Today’s guest blog comes from Ashley Price of APA Secretarial. Ashley has been running the business since 1996. He works with his wife, Jackie, and together they provide audio transcription services to companies and university researchers. Outside of work, Ashley is a Town Councillor for Lewes, in Sussex, and the Council’s “Anti-Domestic Abuse Champion”. Ashley is also a Rotarian and involved with Lewes Twinning Association. Huge thanks to Ashley for putting digits to keyboard and producing this guest blog on the importance of recording interviews and meetings and having them typed up!
“That’s not what I said, the typist is biased against me!”
There are some interviews or meetings where someone taking notes is not sufficient, especially if that person is also taking an active part in the meeting.
- Termination of employment, e.g. redundancies
These are all often highly-emotive interviews; the interviewee is often desperate to defend themselves, or get their point across that, later on, they forget what they said. When they receive a copy of the notes of the interview, they may feel they were incorrectly heard, taken out of context (did they laugh as they said something?) or even that the typist was biased.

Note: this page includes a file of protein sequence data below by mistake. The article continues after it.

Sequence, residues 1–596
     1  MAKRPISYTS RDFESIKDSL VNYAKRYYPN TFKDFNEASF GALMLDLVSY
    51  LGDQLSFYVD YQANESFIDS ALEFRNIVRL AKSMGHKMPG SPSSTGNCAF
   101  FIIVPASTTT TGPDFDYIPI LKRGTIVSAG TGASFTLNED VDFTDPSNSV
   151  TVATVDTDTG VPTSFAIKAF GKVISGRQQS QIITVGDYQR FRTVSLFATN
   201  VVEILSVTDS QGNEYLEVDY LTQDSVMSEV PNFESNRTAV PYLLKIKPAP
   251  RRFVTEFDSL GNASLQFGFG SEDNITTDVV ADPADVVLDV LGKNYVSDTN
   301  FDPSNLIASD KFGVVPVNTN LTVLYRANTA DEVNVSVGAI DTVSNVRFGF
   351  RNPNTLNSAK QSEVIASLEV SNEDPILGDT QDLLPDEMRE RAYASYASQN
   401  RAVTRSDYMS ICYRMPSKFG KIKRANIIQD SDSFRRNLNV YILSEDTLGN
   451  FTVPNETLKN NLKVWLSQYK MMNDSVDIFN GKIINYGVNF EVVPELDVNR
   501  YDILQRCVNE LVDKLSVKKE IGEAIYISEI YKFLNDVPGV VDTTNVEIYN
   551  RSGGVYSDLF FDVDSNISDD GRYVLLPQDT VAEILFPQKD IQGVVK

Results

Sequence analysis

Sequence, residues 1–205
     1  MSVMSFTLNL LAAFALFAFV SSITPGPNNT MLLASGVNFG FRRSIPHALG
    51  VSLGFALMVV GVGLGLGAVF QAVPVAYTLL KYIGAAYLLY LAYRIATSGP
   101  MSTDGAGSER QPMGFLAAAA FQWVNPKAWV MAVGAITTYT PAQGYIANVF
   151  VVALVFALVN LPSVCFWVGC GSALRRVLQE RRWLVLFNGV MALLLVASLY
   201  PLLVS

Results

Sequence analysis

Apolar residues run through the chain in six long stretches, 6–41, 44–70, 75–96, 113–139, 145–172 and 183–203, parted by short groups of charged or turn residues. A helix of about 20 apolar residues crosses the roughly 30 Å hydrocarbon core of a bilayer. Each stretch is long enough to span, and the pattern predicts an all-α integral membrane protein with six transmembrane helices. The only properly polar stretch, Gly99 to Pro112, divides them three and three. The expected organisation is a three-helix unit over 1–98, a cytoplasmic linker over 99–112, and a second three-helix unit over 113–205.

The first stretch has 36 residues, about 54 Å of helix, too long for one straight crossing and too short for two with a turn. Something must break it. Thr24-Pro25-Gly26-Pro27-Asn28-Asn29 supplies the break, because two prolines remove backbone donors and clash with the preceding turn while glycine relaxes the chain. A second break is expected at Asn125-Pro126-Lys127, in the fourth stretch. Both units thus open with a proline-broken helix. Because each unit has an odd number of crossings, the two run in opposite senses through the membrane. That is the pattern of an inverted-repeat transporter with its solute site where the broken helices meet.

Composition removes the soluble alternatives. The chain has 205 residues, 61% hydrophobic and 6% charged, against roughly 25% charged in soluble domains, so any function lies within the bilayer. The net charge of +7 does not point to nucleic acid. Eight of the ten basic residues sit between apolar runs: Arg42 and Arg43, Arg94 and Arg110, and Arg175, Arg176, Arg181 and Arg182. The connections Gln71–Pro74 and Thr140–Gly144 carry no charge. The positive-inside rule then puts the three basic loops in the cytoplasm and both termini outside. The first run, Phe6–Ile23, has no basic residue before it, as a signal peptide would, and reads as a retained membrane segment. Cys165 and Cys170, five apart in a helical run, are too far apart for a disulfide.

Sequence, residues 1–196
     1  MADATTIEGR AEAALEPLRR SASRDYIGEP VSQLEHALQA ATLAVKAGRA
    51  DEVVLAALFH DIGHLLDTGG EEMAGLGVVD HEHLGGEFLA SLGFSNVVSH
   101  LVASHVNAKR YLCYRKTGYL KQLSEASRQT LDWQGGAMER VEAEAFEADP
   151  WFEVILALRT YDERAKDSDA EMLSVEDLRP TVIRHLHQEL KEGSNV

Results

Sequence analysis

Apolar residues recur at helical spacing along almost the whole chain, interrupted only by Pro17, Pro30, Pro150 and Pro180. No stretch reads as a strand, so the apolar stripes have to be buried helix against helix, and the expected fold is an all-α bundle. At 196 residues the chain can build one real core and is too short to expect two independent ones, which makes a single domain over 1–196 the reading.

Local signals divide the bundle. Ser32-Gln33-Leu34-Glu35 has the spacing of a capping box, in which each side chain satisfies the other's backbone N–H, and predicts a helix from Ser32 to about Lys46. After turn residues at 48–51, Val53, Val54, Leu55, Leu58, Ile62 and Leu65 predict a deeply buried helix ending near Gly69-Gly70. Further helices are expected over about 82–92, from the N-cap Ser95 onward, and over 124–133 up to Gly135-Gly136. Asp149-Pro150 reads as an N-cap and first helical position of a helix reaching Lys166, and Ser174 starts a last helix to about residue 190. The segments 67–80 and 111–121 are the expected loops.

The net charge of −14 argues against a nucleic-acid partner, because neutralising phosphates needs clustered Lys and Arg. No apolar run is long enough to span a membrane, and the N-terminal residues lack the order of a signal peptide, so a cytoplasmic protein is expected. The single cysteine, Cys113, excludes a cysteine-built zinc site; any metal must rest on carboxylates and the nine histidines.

It should become good practice to make an audio recording of any interview of this nature, and transcribe it. This means there can be no accusations regarding accuracy. Any complaints about the transcript can be quickly dealt with by playing back the recording.
Using a third party service for the transcription of the recording has three benefits: confidentiality, independence and speed.
If someone, within the interviewee’s company does the transcription, there is a chance they may be biased or may gossip, or drop hints, to colleagues about the content of the recording. A third party transcription service removes those problems.
Unless the staff member has the right equipment and software, the transcription can take a very long time. Hiring a transcription service means the resulting document is completed quickly and, at the same time, freeing up staff to concentrate on other matters.
So, from now on, why not make it standard practice to record these meetings and provide a word-for-word transcript to all participants?